Sometimes I put the radio on in the studio, but, if I really want to think, it's quiet. And if there's the slightest hint of cold I put the blow heater on. For the next four hours I paint and try to ignore the outside world. I don't really like to talk to anyone then, not even my husband, apart from the occasional practicality.
This is the view from the back bedroom in winter.
The studio is sheltered from the winds by a large leylandii and catches the sun when it is low in the south
Then at one o'clock a switch goes on in my head. I've had enough, and I know even if I am able to carry on working after lunch no good will come of it, so I wash my brushes, tidy the studio and go up to the house and get changed.
Mary Kemp
Oil on board 70 x 50 cm
In the afternoon I am set free. If I really must I do domestic stuff, I do paperwork which actually is computer work and I meet friends and shop and all the other everyday things. I like a bit of gardening and I like to cycle.
But all the time my head is full of paintings, composition, colour, looking at the light, wondering why something looks good, admiring the mix of colours in a passer by's outfit.
My husband thinks of cars in the same way. "You know so and so, he drives a Skoda". I say "You know so and so, he paints in watercolour". We're on different planets!
In the evening I cook, and we watch the telly and in my head I'm planning the next painting.

Thursday, 8 September 2016

Why Poppies Pop Up.

Part of art is capturing that which is fleeting.
The common red cornfield poppy, Papaver rhoeas, lasts only for one brief day.
Mary Kemp
"Field Full of Poppies"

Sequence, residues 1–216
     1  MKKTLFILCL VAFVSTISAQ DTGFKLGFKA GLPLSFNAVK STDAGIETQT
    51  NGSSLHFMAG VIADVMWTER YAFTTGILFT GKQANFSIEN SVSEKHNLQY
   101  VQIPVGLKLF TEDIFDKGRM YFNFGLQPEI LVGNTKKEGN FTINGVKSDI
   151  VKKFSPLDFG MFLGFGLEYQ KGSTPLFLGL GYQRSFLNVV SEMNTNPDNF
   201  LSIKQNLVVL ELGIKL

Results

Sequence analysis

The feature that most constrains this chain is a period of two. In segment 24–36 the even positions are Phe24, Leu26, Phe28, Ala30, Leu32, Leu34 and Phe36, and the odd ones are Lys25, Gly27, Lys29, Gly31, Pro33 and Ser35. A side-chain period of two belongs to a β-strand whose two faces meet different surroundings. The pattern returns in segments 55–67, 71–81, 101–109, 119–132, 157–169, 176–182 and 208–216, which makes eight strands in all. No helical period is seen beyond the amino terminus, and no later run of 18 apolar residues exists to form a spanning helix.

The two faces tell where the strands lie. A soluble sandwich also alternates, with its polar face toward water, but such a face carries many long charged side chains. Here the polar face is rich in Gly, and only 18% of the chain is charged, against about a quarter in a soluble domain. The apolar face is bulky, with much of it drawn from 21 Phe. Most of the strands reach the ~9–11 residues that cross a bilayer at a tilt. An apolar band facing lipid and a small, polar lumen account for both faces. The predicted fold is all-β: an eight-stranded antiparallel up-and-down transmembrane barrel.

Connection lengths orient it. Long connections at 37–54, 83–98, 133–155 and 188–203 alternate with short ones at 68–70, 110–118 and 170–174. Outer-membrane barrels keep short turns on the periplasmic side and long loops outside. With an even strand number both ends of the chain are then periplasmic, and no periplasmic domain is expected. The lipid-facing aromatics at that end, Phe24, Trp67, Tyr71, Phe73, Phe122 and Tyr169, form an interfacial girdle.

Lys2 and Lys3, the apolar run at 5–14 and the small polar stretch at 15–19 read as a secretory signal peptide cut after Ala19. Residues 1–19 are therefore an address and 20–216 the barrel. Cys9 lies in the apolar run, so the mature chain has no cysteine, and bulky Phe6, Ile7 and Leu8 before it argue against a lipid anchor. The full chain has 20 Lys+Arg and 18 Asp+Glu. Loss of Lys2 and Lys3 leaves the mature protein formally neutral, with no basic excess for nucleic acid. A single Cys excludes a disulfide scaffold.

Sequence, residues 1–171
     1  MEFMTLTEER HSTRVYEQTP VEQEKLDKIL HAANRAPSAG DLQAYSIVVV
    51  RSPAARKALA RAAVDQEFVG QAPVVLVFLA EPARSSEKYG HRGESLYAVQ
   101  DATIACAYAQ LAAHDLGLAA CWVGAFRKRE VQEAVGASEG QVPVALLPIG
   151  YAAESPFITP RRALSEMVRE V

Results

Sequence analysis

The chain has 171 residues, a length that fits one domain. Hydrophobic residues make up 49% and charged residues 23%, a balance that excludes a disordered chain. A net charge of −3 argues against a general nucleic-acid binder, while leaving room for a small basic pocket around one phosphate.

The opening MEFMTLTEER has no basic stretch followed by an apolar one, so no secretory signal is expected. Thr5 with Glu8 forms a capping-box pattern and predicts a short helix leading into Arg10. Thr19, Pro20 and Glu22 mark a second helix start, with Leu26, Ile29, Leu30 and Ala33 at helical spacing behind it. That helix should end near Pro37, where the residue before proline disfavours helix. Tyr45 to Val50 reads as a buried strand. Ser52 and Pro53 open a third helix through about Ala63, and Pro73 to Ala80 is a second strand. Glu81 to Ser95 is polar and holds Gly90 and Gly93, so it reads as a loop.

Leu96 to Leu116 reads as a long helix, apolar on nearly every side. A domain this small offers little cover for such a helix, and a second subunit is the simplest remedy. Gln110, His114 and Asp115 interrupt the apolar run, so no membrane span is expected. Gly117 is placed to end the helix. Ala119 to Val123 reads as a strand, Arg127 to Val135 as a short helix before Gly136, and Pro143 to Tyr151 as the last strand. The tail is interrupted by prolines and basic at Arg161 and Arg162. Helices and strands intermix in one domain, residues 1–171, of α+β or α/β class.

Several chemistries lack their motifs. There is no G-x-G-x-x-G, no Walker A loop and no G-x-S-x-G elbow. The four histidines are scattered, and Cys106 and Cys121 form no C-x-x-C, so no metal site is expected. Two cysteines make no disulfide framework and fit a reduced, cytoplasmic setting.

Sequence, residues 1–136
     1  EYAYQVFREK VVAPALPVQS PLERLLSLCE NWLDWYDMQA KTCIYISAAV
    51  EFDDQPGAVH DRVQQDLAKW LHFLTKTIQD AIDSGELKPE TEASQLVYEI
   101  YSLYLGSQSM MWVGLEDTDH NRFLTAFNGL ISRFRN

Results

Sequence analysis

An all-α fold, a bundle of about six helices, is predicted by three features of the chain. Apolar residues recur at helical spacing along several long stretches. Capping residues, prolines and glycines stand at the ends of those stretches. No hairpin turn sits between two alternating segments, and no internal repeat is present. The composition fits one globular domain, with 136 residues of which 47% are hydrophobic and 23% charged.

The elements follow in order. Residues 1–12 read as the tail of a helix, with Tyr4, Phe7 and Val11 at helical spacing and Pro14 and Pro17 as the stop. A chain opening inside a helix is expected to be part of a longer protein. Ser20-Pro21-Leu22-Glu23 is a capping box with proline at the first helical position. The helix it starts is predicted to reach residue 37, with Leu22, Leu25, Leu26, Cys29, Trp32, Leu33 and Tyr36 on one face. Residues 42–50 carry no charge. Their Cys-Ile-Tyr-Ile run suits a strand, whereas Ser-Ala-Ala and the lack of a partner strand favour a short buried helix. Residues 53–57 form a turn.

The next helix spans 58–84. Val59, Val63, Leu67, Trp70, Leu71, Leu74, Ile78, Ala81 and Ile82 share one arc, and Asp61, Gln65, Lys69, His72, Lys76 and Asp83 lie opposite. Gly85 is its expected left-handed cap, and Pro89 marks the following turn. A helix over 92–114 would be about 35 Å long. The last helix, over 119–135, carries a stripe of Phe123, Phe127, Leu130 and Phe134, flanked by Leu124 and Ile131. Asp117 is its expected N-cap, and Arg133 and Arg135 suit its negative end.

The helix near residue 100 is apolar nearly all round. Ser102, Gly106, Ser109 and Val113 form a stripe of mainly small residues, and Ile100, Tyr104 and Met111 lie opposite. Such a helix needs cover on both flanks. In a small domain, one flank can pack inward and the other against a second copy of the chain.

Oil on canvas
30 x 30 cm
Stepping out of the car we were surrounded by poppies, to the left, the right and in front. Instead of green, the fields were RED, not just pale red, but bright pillar box alarming red!  
It was the end of the day, and we were hot and tired and late to meet up with the others, so we just took photos. 
But looking at the photos later they didn't seem right. A digital camera evens out a lot of the tones and colours automatically and often leaves you with a bland image. The only way for me to record that wonderful sight was to paint it. Jean used watercolours, but I went in for the heavy artillery, oil paints.
Mary Kemp
"Poppies as Far as the Eye Can See"
Oil on canvas
30 x 30 cm
And why do poppies pop up?
Poppy seeds can stay in the ground for up to 80 years before germinating, but as soon as the soil is disturbed they will grow, and so they appear in ploughed fields and battle fields to bloom for just one day, and then die.

Thursday, 1 September 2016

Beach Hut Envy.

Yes, you've guessed it, I would really like a beach hut!
Mary Kemp
A Chorus of Beach Huts
I can see all sorts of nice things about a beach hut, somewhere to sit out the wind, or the sun, and watch beach life go by, a place to change into your swim suit, a mini kitchen, even a pop-up bedroom for an after lunch snooze.
Mary Kemp
Beach Huts and Two Deckchairs.
I could  keep my painting kit safely in there too.
I could watch daytime tv on my mobile phone.
Drink tea, or gin.

Don't mind me. I'm just day dreaming.